"I sit in happy meditation on my rock, pondering while my line dries again, upon the ways of trout and men. How like fish we are: ready, nay eager, to seize upon whatever new thing some wind of circumstance shakes down upon the river of time! And how we rue our haste, finding the gilded morsel to contain a hook. Even so, I think there is some virtue in eagerness, whether its object prove true or false. How utterly dull would be an utterly prudent man, or trout, or world! did I say a while ago that I waited 'for prudence' sake? that was not so. The only prudence in fishermen is that designed to set the stage for taking yet another, and perhaps a longer, chance."
I'm reading the first novel the late, great and insanely prolific Ed McBain ever wrote: So Nude, So Dead, which was reissued in paperback from Hard Case Crime.
Here is an interview with the author if anyone's interested. (38 minutes)
Jeff of Earth-J said:
OLYMPUS, TEXAS by Stacey Swann: I've been living in Texas for two decades now and I still don't understand the mythology of Texas. So when I heard about this novel, written by a native Texan and set against a backdrop of ancient Greek mythology, I couldn't resist.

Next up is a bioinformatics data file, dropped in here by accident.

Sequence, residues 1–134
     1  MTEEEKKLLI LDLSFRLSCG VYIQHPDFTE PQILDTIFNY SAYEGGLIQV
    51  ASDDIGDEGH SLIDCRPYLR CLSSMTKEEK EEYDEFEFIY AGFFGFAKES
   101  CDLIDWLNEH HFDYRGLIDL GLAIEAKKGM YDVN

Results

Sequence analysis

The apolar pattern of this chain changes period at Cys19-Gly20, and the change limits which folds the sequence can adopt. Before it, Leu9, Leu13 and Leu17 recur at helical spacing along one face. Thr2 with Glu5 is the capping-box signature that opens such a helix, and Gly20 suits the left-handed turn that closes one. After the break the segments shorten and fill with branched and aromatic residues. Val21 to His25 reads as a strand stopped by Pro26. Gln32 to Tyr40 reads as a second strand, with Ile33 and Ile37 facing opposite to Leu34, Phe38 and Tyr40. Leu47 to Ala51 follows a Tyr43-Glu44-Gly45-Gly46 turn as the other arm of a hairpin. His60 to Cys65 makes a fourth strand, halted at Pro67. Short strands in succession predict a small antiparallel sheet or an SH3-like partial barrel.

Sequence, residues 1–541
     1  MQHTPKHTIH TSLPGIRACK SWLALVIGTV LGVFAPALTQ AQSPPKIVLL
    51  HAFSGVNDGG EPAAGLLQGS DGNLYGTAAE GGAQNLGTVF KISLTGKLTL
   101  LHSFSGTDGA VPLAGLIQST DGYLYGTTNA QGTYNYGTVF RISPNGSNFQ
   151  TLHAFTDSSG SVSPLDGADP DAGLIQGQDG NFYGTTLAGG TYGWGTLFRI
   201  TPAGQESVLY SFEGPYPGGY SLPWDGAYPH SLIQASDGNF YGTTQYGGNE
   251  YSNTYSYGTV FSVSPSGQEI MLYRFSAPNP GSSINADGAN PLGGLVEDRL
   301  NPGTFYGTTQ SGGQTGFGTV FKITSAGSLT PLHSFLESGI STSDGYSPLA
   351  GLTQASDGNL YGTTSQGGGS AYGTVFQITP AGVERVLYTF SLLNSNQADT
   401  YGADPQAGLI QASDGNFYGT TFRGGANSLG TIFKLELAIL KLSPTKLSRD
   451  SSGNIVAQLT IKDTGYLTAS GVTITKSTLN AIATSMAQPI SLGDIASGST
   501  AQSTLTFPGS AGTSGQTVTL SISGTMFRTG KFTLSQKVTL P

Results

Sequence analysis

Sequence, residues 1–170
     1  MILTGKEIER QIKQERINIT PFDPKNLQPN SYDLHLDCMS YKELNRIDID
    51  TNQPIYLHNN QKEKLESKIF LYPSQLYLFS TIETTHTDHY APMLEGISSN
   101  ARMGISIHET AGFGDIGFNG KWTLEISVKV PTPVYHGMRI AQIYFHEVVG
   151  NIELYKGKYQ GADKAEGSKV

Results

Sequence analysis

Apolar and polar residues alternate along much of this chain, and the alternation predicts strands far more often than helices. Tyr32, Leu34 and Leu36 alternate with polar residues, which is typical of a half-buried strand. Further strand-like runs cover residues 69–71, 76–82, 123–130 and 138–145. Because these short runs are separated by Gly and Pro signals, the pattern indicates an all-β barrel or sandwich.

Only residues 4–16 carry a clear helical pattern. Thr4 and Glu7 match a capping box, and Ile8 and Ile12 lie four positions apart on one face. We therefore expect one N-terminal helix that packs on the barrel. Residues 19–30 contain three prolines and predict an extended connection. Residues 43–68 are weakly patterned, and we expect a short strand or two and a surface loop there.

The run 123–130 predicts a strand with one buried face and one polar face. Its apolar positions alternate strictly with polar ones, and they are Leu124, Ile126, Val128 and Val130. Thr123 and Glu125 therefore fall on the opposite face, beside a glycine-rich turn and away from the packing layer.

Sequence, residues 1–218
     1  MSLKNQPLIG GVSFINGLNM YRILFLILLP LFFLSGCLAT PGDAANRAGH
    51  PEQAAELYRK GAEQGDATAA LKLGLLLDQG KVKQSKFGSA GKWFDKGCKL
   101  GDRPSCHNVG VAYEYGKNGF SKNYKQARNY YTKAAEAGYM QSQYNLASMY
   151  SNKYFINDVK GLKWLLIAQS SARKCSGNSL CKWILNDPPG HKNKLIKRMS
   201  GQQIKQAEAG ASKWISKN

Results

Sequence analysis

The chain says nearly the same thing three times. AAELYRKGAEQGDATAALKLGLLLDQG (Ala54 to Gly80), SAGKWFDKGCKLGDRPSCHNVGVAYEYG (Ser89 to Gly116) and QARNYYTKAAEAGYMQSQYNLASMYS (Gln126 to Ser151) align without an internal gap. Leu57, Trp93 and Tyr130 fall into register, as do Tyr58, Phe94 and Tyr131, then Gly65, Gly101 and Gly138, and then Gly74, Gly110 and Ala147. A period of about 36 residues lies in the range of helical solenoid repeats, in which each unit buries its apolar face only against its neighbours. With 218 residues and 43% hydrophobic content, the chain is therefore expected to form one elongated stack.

Here is a link to the interview I heard. (5 minute listen.)
The interview speaks of puzzles, which I also like, so I'll lay out some of the pieces. The patriarch and the matriarch of the Briscoe family are Peter (Zeus) and June (Juno). Their children are Thea (Athena), Hap (Hephaestus) and March (Mars). Early in their marriage, Peter was unfaithful with Lee (Leto) and had twins out of wedlock, Artie (Artemis) and Arlo (Apollo). March's two dogs, Romulus and Remus, are gimmies. Beyond that, you're on your own.
The book takes place over the course of a week and is written in seven sections, "Friday" through "Monday." Most of the sections are supplemented with "flashback" chapters, such as "The Origin of March's Exile" or "The Origin of June's Rage" which add depth to the narrative. You don't have to be familiar with mythology to enjoy the story, but I do feel the urge to break out my mythology book to find out how closely the plot hews to the myths.
THE FOG MOUND TRILOGY: After I finished Larry McMurtry's "Thalia" series, I spent a week or so deciding what to read next. While I thought about it, I read this trilogy. I almost didn't post here because 1) it's a children's book series, and 2) it's half comics. I bought and read the first book, Travels of Thelonious, when it was first released, but I didn't read the next two, Faradawn and Simon's Dream until now. (I'm "test reading" them for my nieces and nephew now that some of the are aging into the audience range, 8-12 years.